I get antsy when people start talking about "industry standards." As Adrian said, if you are going to go into professional broadcast editing, you might want to consider learning Avid. But that's so you can work for someone else who expects you to work with and understand the Avid system. Or (as has been said) if you plan to work with uncompressed SD video or other non-DV25 high datarate footage. Or if you plan to open a post facilty and need to be able to handle work done with Avid (or you have to deal with snooty producers who "only want Avid" -- or FCP, see below). If you are editing for yourself, don't worry about "industry standards." I get paid for the video I produce using Premiere 6.5, as I like to say.

And that said, the industry standard seems to be moving to Final Cut Pro, as it is. The university I work at has a very good Journalism/Broadcast Media program and they have switched from Avid to Final Cut Pro. They are teaching their students FCP becuase that's what they'll need to know when they graduate (this program works closly with CNN and has even been known to supply stories/ENG footage to them). Major motion pictures such as Cold Mountain are completed using FCP. Do you want to consider getting a Mac, now?

Regardless -- if you are just working for yourself, shooting and editing miniDV footage, then simply go with the system you like the best, with an interface you are comfortable with. Don't spend a bunch of money on Avid or FCP just because it's "Industry Standard."
John Britt is offline   Reply With Quote
Old March 19th, 2004, 05:51 AM   #6
Warden
 
Join Date: Mar 2002
Location: Clearwater, FL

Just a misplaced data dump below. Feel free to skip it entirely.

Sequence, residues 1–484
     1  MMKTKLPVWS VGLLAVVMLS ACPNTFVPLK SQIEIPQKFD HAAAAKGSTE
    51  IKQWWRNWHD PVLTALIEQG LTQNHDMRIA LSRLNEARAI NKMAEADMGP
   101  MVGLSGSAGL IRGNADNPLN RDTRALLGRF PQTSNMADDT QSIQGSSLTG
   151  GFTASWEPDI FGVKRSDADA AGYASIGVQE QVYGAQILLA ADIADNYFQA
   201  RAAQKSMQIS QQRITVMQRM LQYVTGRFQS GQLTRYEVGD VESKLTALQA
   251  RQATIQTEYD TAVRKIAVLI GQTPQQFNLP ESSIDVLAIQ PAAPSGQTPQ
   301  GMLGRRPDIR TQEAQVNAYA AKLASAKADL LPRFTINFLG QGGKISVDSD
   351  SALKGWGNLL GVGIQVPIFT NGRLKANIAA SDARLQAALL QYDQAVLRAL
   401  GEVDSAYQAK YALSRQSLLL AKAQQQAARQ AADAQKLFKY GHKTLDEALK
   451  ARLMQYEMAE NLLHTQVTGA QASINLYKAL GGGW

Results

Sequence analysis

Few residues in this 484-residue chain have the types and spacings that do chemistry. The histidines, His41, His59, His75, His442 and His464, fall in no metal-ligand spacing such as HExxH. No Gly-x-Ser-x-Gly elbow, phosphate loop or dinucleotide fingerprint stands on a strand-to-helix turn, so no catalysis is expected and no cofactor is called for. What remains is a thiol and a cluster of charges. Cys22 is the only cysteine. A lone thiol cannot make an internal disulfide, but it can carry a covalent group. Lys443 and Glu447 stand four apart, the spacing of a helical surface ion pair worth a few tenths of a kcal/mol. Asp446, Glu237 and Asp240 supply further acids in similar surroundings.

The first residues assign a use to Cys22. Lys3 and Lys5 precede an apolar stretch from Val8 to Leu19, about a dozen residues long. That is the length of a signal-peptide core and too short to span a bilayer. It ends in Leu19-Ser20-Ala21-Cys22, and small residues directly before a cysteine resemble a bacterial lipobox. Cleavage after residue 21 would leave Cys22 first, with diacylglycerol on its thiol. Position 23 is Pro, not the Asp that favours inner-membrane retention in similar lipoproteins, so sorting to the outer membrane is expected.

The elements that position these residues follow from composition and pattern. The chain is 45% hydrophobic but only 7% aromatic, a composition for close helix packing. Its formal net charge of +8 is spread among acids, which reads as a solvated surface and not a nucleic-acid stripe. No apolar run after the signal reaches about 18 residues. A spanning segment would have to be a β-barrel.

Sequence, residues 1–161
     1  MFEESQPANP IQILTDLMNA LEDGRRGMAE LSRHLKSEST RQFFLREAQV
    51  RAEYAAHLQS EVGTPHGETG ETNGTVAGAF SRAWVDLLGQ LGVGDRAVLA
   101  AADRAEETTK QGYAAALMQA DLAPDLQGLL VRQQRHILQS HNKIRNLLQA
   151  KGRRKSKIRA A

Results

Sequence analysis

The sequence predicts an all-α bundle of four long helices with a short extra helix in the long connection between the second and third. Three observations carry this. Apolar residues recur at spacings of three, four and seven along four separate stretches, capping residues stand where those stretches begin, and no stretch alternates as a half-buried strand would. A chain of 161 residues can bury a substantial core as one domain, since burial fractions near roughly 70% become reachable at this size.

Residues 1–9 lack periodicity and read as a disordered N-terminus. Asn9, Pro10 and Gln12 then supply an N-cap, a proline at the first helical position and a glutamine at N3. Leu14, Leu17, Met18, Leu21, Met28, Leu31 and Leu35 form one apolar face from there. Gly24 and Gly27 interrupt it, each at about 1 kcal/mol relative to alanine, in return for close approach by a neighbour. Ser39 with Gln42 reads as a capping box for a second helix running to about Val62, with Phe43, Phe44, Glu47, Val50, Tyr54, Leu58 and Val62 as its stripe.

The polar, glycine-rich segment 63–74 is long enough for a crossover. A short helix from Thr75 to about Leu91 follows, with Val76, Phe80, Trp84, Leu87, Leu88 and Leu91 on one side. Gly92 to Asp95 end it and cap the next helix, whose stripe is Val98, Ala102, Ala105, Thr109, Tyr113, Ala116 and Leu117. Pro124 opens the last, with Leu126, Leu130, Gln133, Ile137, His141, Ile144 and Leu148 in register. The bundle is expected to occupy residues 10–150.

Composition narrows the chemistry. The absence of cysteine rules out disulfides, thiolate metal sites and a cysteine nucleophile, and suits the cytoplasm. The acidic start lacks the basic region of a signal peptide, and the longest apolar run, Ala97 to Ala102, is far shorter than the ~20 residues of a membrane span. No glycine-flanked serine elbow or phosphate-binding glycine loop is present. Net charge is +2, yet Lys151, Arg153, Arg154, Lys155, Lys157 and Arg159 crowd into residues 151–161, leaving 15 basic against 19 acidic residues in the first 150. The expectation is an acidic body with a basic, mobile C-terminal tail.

Posts: 8,267
When effects are placed on a time line and then rendered, the software (or hardware) uses proprietary Codecs. Since the DV is fundamentally altered by the rendered effect, the quality of the Codec has a direct effect on the quality of the final output. Each NLE will have different quality output.
__________________
Jeff Donald
Carpe Diem




Search DVinfo.net for quick answers | Where to Buy? From the best in the business: DVinfo.net sponsors
Jeff Donald is offline   Reply With Quote
Old March 19th, 2004, 05:59 AM   #7
RED Code Chef
 
Join Date: Oct 2001
Location: Holland
Posts: 12,514
That's basically true, Jeff, but in my opinion the differences aren't
visible anymore unless you do multiple generations with DV. BUT,
the water muddy's even more if your final output isn't DV (as is
often the case).

If the output is going to be web or DVD then it all boils down to
those encoders.

As indicated earlier, it basically boils down to what you want to
do. If you are only going to do work for DVD then I would go with
the best NLE for the job and get a standalone mpeg encoder if
the supplied one with the NLE is not good enough (for example).

If you give us a bit more detailed description of what your plans
and needs are, Darin, then we can better help you with your
"choice".
__________________

Rob Lohman, visuar@iname.com
DV Info Wrangler & RED Code Chef

Join the DV Challenge | Lady X

Search DVinfo.net for quick answers | Buy from the best: DVinfo.net sponsors
Rob Lohman is offline   Reply With Quote
Old March 19th, 2004, 06:14 AM   #8
Warden
 
Join Date: Mar 2002
Location: Clearwater, FL
Posts: 8,267
Comparisons of various Codecs with links to stills have been discussed before. To my eyes, I can see a difference in the Codecs. This difference will become more important as resolution improves with the new HD formats.
__________________
Jeff Donald
Carpe Diem




Search DVinfo.net for quick answers | Where to Buy? From the best in the business: DVinfo.net sponsors
Jeff Donald is offline   Reply With Quote
Old March 19th, 2004, 06:19 AM   #9
RED Code Chef
 
Join Date: Oct 2001
Location: Holland
Posts: 12,514